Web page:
Knowledge has released me

Saturday, March 11, 2006
Those words were spoken by Dr. Wafa Sultan in a NYT article discussing her journey from devout Islam to the secular world. Her appearance on Al-Jazeera caused a firestorm when she bluntly questioned Islam in its own back yard. This woman and people like her are a greater threat to the reactionary imams who rule the Muslim world than any Cursader army could ever be. Her book entitled The Escaped Prisoner: When God is a Monster will be ready for publication soon.

In the interview, which has been viewed on the Internet more than a million times and has reached the e-mail of hundreds of thousands around the world, Dr. Sultan bitterly criticized the Muslim clerics, holy warriors and political leaders who she believes have distorted the teachings of Muhammad and the Koran for 14 centuries.

She said the world's Muslims, whom she compares unfavorably with the Jews, have descended into a vortex of self-pity and violence.

Dr. Sultan said the world was not witnessing a clash of religions or cultures, but a battle between modernity and barbarism, a battle that the forces of violent, reactionary Islam are destined to lose.

In response, clerics throughout the Muslim world have condemned her, and her telephone answering machine has filled with dark threats. But Islamic reformers have praised her for saying out loud, in Arabic and on the most widely seen television network in the Arab world, what few Muslims dare to say even in private.

Read it all, really.


CF said...

She is remarkable. My Moslem friends think as she does though they haven't the courage to say this outside their own circle.

terrye said...


Well once people start saying it, hopefully more and more people will say it and with numbers will come courage.

truepeers said...

Terrye do you think that "moderate Muslims" can find a way to practice their religious faith with great seriousness, or are they simply people in the process of stepping away from serious religious faith?

gumshoe1 said...

"Terrye do you think that "moderate Muslims" can find a way to practice their religious faith with great seriousness, or are they simply people in the process of stepping away from serious religious faith?"

what's the term,truepeers?
"false dicotomy"??

stepping away from Islam
does not automatically =
"stepping away from serious religious faith".

and no,
i don't feel the need
to tell others what to believe,
beyond pointing out the advantage to mankind of rejecting membership
in a death cult.

truepeers said...

Gumshoe, yes my question is poorly worded. Let me try again: is what people mean by "moderate Muslim" compatible with a seriously Islamic life, or only with a movement away from a seriously Islamic life? IS the MM one who retains some kind of Moslem identity, without fully embracing Islam? Sultan, for example, calls herself secular. SHe has given up her religion.

I'm not trying to be provocative at the moment; it is simply a question I've been asking myself with no clear answer yet. Daniel Pipes, e.g., does not show us enough moderate Muslims to give me faith in the future of a moderate Islam, as opposed to conversion or apostasy. Yet i cannot discount the MM idea entirely.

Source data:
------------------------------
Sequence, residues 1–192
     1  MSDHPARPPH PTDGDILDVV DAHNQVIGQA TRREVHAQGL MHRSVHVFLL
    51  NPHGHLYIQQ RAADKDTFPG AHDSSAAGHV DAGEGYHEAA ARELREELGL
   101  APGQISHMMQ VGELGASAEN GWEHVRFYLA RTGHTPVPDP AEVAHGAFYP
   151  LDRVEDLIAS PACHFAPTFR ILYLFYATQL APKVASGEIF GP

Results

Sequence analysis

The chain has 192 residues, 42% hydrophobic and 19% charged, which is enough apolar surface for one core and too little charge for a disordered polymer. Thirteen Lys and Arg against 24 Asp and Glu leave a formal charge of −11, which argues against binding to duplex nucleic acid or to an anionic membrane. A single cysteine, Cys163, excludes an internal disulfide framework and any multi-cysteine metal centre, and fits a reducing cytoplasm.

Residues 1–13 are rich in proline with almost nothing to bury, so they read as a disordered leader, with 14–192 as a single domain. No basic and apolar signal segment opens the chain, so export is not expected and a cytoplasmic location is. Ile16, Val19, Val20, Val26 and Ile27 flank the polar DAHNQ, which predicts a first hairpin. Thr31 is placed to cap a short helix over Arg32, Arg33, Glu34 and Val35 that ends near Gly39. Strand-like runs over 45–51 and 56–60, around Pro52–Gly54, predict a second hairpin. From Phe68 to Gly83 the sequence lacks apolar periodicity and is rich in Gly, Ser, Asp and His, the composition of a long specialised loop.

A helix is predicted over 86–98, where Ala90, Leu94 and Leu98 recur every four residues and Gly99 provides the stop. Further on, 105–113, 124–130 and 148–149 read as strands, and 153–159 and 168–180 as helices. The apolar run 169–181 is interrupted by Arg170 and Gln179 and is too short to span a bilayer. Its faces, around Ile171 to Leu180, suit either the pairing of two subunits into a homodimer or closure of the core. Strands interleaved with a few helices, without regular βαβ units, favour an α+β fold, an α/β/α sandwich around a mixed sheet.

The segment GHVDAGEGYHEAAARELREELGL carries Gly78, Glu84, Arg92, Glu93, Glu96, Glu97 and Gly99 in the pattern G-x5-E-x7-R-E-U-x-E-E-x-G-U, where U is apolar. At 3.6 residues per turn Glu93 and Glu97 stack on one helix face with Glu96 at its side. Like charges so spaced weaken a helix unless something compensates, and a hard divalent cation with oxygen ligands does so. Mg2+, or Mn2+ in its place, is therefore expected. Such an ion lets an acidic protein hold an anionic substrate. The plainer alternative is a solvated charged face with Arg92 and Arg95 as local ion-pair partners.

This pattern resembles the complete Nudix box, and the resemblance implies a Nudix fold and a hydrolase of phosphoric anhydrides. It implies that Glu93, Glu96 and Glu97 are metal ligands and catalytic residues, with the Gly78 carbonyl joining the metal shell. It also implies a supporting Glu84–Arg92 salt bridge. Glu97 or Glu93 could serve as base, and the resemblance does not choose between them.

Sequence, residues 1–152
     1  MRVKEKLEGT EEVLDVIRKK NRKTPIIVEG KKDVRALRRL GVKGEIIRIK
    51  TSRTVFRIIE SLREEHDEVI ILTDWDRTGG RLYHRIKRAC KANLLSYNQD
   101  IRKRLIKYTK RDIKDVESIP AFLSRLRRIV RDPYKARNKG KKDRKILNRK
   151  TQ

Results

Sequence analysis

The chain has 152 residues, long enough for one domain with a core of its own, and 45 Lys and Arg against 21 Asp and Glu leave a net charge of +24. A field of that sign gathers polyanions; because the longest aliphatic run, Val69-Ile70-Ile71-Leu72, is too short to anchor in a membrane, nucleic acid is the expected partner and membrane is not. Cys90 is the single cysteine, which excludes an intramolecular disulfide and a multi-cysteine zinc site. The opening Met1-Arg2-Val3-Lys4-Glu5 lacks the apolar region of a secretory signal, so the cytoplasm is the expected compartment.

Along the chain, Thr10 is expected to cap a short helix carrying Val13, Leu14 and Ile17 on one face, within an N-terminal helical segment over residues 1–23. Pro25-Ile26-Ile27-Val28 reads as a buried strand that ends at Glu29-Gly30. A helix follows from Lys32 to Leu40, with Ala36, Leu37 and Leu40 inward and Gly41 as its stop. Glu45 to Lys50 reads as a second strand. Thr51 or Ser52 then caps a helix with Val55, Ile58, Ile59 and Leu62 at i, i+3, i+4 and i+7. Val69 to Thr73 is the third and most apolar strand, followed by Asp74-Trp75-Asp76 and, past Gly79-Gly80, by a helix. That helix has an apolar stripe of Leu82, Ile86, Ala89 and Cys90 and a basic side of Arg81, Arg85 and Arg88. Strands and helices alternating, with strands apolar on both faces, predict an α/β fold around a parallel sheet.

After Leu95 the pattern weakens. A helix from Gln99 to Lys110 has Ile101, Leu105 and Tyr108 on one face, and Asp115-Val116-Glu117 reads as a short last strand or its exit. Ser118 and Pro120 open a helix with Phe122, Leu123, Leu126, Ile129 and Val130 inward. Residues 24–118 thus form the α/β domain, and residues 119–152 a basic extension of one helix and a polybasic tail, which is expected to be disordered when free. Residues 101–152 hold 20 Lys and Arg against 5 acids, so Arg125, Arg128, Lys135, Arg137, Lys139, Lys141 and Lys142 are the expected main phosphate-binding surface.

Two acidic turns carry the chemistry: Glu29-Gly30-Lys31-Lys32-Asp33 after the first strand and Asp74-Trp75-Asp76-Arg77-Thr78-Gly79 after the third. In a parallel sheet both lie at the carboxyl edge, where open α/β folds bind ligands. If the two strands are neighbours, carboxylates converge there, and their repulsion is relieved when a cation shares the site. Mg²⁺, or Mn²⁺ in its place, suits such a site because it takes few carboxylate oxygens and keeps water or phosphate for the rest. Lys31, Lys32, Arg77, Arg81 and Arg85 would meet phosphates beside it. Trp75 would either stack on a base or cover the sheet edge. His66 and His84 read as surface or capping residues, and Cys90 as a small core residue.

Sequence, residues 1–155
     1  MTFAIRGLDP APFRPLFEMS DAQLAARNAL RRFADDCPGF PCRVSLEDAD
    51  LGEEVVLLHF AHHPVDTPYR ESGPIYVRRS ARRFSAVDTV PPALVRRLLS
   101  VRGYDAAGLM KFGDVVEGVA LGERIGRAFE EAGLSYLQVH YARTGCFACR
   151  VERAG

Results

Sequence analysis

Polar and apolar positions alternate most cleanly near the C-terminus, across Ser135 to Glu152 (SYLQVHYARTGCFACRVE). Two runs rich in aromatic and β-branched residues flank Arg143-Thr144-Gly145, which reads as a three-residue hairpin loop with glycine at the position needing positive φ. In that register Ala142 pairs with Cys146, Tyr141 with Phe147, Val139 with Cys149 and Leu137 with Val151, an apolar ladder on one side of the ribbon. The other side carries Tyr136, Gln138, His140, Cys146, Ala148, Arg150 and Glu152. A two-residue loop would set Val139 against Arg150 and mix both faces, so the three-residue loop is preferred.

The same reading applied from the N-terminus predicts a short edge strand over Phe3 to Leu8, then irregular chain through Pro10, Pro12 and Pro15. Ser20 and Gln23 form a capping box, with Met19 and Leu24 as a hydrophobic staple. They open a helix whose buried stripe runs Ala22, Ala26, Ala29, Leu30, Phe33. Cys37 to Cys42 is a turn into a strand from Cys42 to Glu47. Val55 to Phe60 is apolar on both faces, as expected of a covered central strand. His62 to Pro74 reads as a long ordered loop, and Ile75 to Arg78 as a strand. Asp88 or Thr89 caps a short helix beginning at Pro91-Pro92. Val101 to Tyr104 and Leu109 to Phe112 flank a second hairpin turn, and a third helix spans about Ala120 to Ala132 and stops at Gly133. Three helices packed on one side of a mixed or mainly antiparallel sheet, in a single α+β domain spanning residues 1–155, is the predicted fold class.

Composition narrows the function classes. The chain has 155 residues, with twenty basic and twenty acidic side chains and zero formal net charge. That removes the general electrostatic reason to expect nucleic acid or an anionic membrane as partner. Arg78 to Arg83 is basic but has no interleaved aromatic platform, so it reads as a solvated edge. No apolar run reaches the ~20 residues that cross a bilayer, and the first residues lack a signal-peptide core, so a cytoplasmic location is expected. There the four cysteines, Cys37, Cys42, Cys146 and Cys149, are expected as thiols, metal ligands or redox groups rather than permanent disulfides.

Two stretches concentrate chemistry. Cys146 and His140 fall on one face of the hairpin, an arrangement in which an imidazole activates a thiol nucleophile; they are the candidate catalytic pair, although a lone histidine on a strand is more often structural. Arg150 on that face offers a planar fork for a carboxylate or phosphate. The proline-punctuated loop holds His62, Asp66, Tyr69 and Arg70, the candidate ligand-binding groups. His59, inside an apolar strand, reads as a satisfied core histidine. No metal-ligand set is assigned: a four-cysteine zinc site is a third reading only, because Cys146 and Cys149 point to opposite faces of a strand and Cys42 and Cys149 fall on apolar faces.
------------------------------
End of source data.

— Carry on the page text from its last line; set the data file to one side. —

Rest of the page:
gumshoe1 said...

proselytizing religious cultures
all have this problem
(unlike Judaism or Buddhism,for example)

as i beleive you and i have discussed before,attaching oneself to "ultimate answers" usually entails one's desire (if not demand) that others not only share,but support those same answers.

the buddhist doctrine of
"ehi passika",which i believe
is sanskrit for "come and see"...

is sometimes paraphrased
as the buddha saying:

"i claim that what i have to teach is the Truth.
take it.
use it for yourself.
if it works,keep it.
if does not,THROW IT AWAY."

i find a great deal of confidence
in a doctrine
taught in such a manner.

it puts the odd Quranic
verse or two about
"no compulsion in religion"
to shame.


another worthy anecdote
in that vein is Hannah Arendt's distinction between
"competent authority"
and "incompetent authority".

the former you can question all day.

the latter flies into a rage at the mere hint of being questioned.

terrye said...

I have worked with Muslims who were not frothing at the mouth and so I would say yes you could, if you lived in a culture that allowed such a thing.

I know it is common today for people to simply write off an established religion with a 1400 year history and more than a billion adherents as a "death cult" but I consider that view to be unrealistic and hysterical.

That does not mean that I do not think Islam must adapt, it must, most religions do. In fact it has been quite some time since the Catholics burned anyone at the stake or ran all the Jews out of a country.

Christianity left the middle ages behind and I am sure there were a lot of other people who would have considered that impossible.

But I consider myself a practical person and I think it is more reasonable to hope that Islam will reform than it is to hope it will vanish from the face of the earth.

Unless of course we are to start talking of final solutions or some other genocidal mayhem. And that would help bring about the End of the Everything scenario the jihadis are always raving about.

gumshoe1 said...

false dichotomy,terrye:

one can state their feeling
that Islam is a "death cult"
and have no desire or be in no support of "final solutions".

"i'll make you an offer
you can't refuse".

"don't hurt our feelings
or we'll riot and burn (and kill)".

my solution is to have people recognize
the intimidation of belief represented by Islam.

there is no morality
(and no responsibility)
without free-will.

terrye said...


You can say whatever you like.

I happen to think calling one billion people a death cult is hystrionic.